Personalised health tests that screen thousands of genes for versions that influence disease are inaccurate and offer little, if any, benefit to consumers, scientists claimed on Monday.
An investigation into the services found they gave wildly different results, and in some cases arrived at medical predictions that were no better than flipping a coin.
The findings of the Dutch study will bolster calls for tighter regulations around personalised genetics tests which can cost more than £500. Critics claim the tests are a waste of money that could mislead people about their future health.
According to the group at Erasmus University medical centre in Rotterdam, tests from rival companies predicted conflicting risks for some diseases, often because they disagreed on how common the conditions were in the general population.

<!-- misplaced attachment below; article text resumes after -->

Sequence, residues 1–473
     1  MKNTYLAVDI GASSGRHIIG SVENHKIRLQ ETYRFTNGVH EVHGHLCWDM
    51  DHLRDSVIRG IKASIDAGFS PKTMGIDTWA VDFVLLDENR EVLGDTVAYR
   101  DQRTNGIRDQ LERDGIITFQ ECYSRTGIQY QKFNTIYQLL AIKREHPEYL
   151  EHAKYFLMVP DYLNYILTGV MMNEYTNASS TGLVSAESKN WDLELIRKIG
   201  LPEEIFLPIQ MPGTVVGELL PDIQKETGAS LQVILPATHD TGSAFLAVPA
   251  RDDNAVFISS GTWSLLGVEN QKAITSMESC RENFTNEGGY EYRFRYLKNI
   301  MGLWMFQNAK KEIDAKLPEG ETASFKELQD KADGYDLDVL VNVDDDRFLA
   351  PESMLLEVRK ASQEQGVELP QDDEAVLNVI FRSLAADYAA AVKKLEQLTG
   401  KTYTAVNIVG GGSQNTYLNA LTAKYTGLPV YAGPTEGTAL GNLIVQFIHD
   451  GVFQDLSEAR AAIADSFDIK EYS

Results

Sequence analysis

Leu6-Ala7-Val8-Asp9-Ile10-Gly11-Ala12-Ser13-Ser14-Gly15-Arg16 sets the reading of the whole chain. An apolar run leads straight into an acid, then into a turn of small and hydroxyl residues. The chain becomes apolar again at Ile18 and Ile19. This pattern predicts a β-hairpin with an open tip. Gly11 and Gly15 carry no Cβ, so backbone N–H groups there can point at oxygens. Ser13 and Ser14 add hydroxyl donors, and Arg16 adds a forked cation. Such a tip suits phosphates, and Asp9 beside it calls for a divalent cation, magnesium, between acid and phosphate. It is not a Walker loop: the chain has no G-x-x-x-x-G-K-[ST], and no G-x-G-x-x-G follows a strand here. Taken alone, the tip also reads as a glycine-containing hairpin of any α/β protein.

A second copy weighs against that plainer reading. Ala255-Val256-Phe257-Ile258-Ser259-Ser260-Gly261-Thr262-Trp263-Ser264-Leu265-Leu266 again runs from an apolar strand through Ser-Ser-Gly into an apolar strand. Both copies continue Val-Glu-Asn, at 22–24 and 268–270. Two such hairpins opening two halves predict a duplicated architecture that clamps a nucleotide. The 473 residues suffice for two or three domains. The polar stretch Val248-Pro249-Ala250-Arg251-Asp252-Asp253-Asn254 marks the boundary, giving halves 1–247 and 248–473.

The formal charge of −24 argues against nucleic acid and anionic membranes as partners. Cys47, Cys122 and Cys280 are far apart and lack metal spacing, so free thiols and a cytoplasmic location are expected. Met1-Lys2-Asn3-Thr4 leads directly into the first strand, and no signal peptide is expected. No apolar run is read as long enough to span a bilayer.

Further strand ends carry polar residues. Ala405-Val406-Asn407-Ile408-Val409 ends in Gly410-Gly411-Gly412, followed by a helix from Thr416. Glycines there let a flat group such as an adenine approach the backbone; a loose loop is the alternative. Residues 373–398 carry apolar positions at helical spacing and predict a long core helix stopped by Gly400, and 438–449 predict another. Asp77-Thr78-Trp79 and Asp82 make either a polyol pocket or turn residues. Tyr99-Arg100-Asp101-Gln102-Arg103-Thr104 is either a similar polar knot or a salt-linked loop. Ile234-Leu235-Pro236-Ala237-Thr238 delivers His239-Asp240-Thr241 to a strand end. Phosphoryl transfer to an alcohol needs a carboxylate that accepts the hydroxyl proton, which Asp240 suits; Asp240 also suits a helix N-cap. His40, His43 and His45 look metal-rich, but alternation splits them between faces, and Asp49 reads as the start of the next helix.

Another flaw was that the tests looked only at genetic factors, whereas many diseases are governed more by lifestyle and other environmental factors.
In the study, researchers used a computer to simulate genetic information for 100,000 typical people. They then used formulas from two of the largest genetic testing companies, deCODEme and 23andMe, to predict the risk of eight medical conditions, including heart attack, prostate cancer, coeliac disease, an eye disease known as age-related macular degeneration and diabetes.